Back to Life: Restoration of Historic Rialto Theater Gains Steam

By Sara Knuth
Special to the Daily Record

POSTED: 04/20/2016 07:23:03 AM MDT

Restoration Gains Steam

The Rialto Theater at 209 W. Main St. in Florence. (Carie Canterbury/ Daily Record)

The Rialto Theater at 209 W. Main St. in Florence. (Carie Canterbury/ Daily Record)
When it comes to a local theater that was built just under a century ago, few things seem new. But in recent years, excitement surrounding the Rialto Theater’s preservation efforts has been restored.

“The excitement’s in the air,” said Todd Williams, a board member of the Rialto Theater. “I think we’re bringing it back and getting more people excited about it.”

During the past few years, the Rialto’s nine-person board has been determined to restore and reopen the theater, with the help of the community.

It has its own Kickstarter campaign, which has raised $18,440 so far, and at the beginning of April, Florence’s second annual Steampunk and Wine Festival raised funds to help with the restoration effort.

“People are more interested than they used to be,” Williams said. “They saw it sitting idle for so long, and I think the excitement is coming back around.”

According to a list of historic theaters compiled by History Colorado, the Rialto was constructed with locally produced yellow bricks that created an unusual brickwork pattern.

The theater also contains a rare 50-foot fly system that, in operation, allowed stage crews to completely hide artwork above the stage. This made it easier to switch scenes with various backdrops.

“As far as a 50-foot fly, it’s one of the few left in the nation,” Williams said. “To have it here in Fremont County is pretty cool.”

Upon completion, the board’s intention is to return the theater to its original appearance, with the exception of a few code standards.

Cosmetically, Williams said, the theater will look almost the same as it did when it first opened in 1923. The group was able to preserve enough of the original artwork to recreate the patterns, and in some cases, restore them.

Even the handrails lining the staircases between the first and second floors are original. Project manager Larry Baker refurbished them, Williams said, but just enough to make them usable again. They still have dents in them, which were acquired throughout the theater’s long history.

Since its doors first opened Sept. 25, 1923, the Rialto has served as an opera house and a theater that showed both movies and plays, with performers ranging from professionals to school-age kids.

“It opened as an opera house in 1923 and kind of graduated to different kinds of entertainment throughout the years,” Williams said.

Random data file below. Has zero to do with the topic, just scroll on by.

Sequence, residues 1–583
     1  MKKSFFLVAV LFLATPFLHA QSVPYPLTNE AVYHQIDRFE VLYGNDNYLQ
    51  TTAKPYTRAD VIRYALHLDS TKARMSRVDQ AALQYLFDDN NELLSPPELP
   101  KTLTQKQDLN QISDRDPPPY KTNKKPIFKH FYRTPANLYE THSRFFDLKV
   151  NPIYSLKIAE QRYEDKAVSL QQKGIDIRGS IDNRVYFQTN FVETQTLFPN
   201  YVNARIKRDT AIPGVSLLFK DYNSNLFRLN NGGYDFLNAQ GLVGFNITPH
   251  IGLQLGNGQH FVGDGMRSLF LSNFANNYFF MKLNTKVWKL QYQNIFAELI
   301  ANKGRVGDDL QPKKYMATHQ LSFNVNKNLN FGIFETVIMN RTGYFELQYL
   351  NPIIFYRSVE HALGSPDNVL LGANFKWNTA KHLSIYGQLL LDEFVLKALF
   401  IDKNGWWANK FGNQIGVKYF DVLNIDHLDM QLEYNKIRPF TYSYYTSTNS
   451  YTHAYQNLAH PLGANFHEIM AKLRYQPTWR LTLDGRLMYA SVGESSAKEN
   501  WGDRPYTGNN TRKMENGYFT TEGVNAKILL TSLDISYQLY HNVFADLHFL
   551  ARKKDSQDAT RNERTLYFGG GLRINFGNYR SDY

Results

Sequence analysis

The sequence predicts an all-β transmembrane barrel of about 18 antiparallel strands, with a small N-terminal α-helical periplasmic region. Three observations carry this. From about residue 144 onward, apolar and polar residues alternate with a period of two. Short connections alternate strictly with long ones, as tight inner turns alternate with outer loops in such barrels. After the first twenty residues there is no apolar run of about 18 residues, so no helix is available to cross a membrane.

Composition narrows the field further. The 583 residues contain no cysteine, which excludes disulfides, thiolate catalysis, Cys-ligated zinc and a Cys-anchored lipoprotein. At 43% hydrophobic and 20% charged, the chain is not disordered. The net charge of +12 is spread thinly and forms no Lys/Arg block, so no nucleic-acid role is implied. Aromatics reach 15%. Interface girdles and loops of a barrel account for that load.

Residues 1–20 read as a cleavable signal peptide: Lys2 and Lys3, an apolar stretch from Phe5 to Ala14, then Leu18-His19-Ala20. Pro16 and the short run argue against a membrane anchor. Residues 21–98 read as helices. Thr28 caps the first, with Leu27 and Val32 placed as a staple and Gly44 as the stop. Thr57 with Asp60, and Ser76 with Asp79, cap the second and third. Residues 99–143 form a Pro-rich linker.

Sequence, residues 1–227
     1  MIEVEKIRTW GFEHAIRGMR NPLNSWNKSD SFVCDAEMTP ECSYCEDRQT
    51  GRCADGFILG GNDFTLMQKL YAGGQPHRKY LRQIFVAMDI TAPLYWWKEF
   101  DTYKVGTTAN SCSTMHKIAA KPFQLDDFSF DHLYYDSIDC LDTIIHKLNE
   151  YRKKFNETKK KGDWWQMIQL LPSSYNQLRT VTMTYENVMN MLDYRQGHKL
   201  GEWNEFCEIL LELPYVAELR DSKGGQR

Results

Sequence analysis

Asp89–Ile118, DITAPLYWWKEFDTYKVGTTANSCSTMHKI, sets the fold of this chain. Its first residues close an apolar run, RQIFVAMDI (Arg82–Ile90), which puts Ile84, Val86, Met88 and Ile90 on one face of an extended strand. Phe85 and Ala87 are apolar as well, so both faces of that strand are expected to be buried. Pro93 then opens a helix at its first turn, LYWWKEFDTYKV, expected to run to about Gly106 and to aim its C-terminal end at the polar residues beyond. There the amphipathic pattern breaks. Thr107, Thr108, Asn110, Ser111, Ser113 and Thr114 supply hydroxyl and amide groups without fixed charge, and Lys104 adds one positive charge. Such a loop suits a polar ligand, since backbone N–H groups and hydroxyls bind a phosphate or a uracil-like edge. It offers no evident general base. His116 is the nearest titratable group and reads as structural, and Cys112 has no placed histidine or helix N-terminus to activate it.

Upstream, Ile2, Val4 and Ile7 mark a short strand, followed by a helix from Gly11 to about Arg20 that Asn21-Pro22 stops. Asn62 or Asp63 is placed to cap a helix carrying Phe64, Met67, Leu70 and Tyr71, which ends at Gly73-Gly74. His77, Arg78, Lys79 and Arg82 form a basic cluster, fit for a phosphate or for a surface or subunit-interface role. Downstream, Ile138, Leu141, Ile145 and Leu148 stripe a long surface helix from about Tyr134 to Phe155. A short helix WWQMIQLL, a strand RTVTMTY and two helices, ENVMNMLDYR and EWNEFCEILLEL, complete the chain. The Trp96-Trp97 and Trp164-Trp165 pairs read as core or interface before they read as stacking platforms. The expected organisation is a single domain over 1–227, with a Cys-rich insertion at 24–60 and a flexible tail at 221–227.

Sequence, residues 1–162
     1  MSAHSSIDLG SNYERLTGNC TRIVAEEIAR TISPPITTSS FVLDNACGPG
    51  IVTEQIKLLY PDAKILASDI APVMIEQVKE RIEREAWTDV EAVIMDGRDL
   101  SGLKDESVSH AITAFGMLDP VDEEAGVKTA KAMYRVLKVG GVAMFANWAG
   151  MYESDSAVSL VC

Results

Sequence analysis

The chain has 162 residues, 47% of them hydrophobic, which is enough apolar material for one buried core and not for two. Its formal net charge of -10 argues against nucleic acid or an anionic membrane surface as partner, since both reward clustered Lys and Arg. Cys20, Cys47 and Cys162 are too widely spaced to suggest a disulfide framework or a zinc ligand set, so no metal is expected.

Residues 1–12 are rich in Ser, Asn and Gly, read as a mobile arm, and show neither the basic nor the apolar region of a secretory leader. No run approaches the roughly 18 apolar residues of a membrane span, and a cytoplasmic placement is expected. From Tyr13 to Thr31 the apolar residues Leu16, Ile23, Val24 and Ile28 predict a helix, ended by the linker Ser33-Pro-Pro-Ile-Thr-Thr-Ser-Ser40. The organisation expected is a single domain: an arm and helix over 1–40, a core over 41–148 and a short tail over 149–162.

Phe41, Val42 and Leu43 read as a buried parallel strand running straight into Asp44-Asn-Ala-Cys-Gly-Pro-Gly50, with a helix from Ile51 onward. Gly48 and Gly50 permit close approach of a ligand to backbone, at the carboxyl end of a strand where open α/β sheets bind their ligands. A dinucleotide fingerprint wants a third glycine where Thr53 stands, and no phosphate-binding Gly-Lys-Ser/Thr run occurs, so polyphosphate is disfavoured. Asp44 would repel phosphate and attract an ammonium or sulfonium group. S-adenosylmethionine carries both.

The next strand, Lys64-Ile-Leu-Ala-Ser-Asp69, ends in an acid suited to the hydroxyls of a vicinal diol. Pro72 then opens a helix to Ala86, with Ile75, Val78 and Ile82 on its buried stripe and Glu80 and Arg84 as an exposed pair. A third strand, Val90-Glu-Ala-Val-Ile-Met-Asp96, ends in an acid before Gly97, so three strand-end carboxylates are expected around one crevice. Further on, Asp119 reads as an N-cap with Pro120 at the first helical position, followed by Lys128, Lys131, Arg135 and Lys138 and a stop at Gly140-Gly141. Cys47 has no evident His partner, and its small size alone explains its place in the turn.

The last performance took place in the 1960s, before the theater transitioned into a venue for younger performers.

In the early 1980s, the Florence-Penrose School District owned the building. During that time, students utilized the stage for choir and theater performances.

“I’m blessed to have been able to grace that stage,” Williams said. “This theater’s been in my blood for 33 years now.”

In the early 1990s, the theater started to deteriorate. It wasn’t until the Florence Architectural and Cultural Tradition took ownership that restoration efforts started to become a reality.

After a few changes in leadership, the project began to pick up steam again and just in time. The historic 50-fly was starting to crumble and the roof was in bad shape.

“It was literally getting ready to go,” Williams said, so the board stepped in and started restoration work. Shortly after that, FACT redid the foundation and put a new roof on the theater.

Today, all of the infrastructure work is complete and the board is looking toward restoring the theater to its original state.

“We average about $1,200 to $1,500 a month just in everyday bills,” he said. “So, we’re scrambling to get it open so that we cannot have such stress to pay the monthly bills every time.”

A major goal right now, Williams said, is to open the theater for performances — before its official opening.

“The theater won’t be finished, but we’ll be able to have performances in here and raise money easily,” he said.

When it’s completed, groups — including the Fremont Civic Theater and the choir — hope to find a new home. The theater also has a music promotion adviser, who said the theater has the potential to host guests every day of the week.

Additionally, Baker and his wife, Beryl, are planning to match any funds raised up to $50,000.

But for now, “the kind hearts that are in the area are donating again,” Williams said, and “we want to recognize all of the people who have donated from the past.”